Approximately 370 people attended the Fordham conference, which was made up of three panel discussions. During a press conference, Paul Lakeland, the Aloysius P. Kelley, S.J., Professor of Catholic Studies and Director of the Center for American Catholic Studies at Fairfield University, said that while many people are aware of the church’s teachings on sexual ethics, he hoped the conferences would help speak to issues that are not directly addressed by those teachings.

“When you say more than a monologue, people say, ‘Oh, the bishops are the monologue, and now we want to get all the other voices in,’ but that’s not strictly the case,” Lakeland said. “There’s a monologue in the sense that: wherever you stand in the debate on sexual ethics, that’s a sort of monologue.” Views on both sides are often one-dimensional, he added. “But when we ask questions—What is the experience of gay and lesbian Catholics in the church? Or what about teen suicide? Or what about the relationship between the church and the legal system as they look at sam…..

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Ex-nun a cardinal sinner in the mind of the church

PATRICIA Fresen prefers being quietly subversive to openly confrontational, but the 70-year-old former Dominican nun is like a purple rag to a bull to the Vatican.
She says she is a Catholic woman bishop, properly ordained by a male bishop in the sacrament passed down by laying on hands from the first apostles. The official church says that by that act she ceased to be a Catholic and it has excommunicated her (banned her from the church).

Bishop Fresen – now a bishop in the Roman Catholic Womenpriests church – rejects the excommunication.

In Australia to speak to progressive Catholic groups, the former South African says apartheid taught her about unjust laws. ”We learnt through people like [Nelson] Mandela and [Archbishop Desmond] Tutu that if you have tried and tried to change unjust laws the only way, in the end, is to break them. An unjust law must not be obeyed but broken.”

She also suggests that she is in plentiful company because, according to church law, vast numbers of Catholics are automatically excommunicated – if they use artificial contraception, if they divorce and remarry without church approval, if they are gay and sexually active.

Roman Catholic WomenPriests was launched in 2002 when an anonymous Catholic bishop ordained seven women secretly on a boat on the Danube. Bishop Fresen was ordained a priest in 2003, a bishop in 2005 and excommunicated in 2007.

Now the group has nearly 200 women priests in North America and Europe, with a toehold in Colombia, plus three male priests. Bishop Fresen suspects they may soon be joined by some Australian women.

Usually, a woman who becomes a priest in her group is already supported by a community. ”I recently travelled down the east coast of the US. When I first saw the communities they were little groups of five, six, or eight; now there are in the hundreds,” Bishop Fresen says.

”Nearly all are people on the fringes of the church, who want to be Catholic but are very critical of some aspects. They are forming churches with much more communitarian structures, much more accountability on the part of the leaders.”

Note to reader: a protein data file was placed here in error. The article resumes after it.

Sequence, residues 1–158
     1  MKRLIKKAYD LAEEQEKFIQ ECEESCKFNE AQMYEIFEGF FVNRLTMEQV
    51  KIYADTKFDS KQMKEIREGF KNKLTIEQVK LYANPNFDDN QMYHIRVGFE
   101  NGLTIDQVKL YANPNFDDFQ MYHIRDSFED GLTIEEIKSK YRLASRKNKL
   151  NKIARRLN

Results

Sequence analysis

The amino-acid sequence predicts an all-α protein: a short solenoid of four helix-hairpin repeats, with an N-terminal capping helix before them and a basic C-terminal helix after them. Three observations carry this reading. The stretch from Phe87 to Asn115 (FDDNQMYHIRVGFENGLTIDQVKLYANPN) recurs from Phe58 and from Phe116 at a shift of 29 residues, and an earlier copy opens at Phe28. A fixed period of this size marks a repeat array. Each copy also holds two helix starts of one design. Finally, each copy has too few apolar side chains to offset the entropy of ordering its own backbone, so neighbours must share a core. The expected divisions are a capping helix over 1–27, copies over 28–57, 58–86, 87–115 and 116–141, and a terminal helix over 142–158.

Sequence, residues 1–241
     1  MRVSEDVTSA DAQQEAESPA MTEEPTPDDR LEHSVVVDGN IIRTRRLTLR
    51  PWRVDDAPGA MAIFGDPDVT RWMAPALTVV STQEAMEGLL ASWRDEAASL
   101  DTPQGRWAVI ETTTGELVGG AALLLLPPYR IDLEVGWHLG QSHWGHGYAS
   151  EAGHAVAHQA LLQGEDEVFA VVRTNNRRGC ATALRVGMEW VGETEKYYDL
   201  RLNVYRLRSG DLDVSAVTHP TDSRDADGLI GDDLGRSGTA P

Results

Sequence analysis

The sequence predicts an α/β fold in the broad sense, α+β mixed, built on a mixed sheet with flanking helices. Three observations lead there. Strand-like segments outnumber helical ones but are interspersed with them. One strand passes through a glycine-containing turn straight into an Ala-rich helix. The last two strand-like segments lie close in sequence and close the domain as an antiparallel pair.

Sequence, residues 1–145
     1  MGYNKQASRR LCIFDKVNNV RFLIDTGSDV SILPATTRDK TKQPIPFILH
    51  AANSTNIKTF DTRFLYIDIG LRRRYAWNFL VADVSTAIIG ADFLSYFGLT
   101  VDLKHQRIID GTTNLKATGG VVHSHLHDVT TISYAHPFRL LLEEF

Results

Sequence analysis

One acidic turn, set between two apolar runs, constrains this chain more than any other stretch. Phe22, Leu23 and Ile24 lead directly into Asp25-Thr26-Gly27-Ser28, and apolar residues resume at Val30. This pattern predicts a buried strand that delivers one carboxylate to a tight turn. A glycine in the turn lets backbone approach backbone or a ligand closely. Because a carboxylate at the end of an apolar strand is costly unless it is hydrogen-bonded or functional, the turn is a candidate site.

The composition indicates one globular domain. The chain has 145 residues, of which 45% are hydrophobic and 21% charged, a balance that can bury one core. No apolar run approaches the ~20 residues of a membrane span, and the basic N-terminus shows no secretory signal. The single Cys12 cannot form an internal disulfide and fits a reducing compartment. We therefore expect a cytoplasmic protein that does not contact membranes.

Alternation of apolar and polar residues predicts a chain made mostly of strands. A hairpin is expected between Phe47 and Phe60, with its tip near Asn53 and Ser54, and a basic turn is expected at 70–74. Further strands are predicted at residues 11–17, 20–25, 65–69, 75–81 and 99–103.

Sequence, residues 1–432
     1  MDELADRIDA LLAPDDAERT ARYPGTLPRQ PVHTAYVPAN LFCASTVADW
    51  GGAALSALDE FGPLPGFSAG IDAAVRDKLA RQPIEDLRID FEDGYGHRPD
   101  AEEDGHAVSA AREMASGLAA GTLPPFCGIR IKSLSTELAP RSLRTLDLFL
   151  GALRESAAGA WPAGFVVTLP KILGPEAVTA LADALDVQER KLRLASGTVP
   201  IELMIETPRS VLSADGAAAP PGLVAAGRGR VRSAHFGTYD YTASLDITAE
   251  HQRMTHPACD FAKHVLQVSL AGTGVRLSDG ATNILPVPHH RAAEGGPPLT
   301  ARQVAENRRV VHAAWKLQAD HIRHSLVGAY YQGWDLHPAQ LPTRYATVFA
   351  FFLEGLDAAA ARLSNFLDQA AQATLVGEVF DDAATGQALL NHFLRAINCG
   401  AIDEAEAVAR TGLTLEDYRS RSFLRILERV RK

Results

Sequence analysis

Now based in Germany, Bishop Fresen predicts a time of massive change.
”Benedict, a German Pope, is very unpopular in Germany. He’s become a figure of fun. I think he’s bringing the papacy to a quick end, and I don’t think there will be many more popes elected this way,” she says.

The authoritarian structure based on the Pope and Vatican bureaucracy is collapsing, she says, and soon the Bishop of Rome will be just another Italian bishop. But the church will survive, and she will be a part. ”I am still a Roman Catholic, very much on the edges. They don’t want me, but I’m not going. As [theologian] Hans Kung says, ‘Less Pope, more Jesus.’ ”

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Theologian Hans Küng on Pope Benedict ‘A Putinization of the Catholic Church’

On Thursday, Pope Benedict XVI arrives in Germany for a long-awaited visit. Prominent Swiss theologian Hans Küng explains to SPIEGEL why the papal visit will do little to help the crisis in the Church and compares Benedict to Vladimir Putin in the way he has centralized power.

Full Interview HERE!

Hans Küng, 83, was one of the Catholic theologians who, like the then-theology professor Joseph Ratzinger, helped shape the Second Vatican Council at the beginning of the 1960s and pushed for more openness within the Catholic Church. In 1979, Küng, who was teaching theology in the German city of Tübingen at the time, publicly criticized the dogma of papal infallibility. The Vatican responded by revoking his permission to teach. Today, Küng is still a Catholic priest and heads the Tübingen-based Global Ethic institute, which he founded.

Germans ambivalent about ‘their’ pope’s visit: poll

More than eight out of 10 Germans expressed indifference at a forthcoming visit by the pope, a poll showed last Wednesday, eight days before Benedict XVI’s first official trip to his native land.

The Forsa institute survey showed that 86 percent of people thought the visit was “basically unimportant” or “totally unimportant” for them personally.

Of those who said they were Catholic, 63 percent shared this opinion, according to the poll of 1,008 respondents, compiled on September 8 and 9.

The survey came as a court in Berlin, the pontiff’s first stop on his four-day trip, banned anti-pope protestors from marching from the city’s landmark Brandenburg Gate.

Between 15,000 and 20,000 people, representing around 60 associations from gays to alleged victims of physical or sexual abuse at the hands of priests, were expected to demonstrate against the pope, organisers said.

Guenter Dworek, head of Germany’s lesbian and gay federation, told AFP: “We wanted to demonstrate as close as possible to where the event is taking place and begin within earshot of the Reichstag,” the parliament building in Berlin.

Benedict is to give a speech in the parliament, which some deputies have vowed to boycott amid concerns over the separation of church and state.

The planned itinerary of the demonstration “is not compatible with the high level of potential risk and the particular demands that come when protecting the pope,” said the court in a statement.

Initially feted as the first German-born pope in 500 years, Benedict’s image in Germany has suffered following a series of controversies and a high-profile sexual abuse scandal that rocked the Catholic Church last year.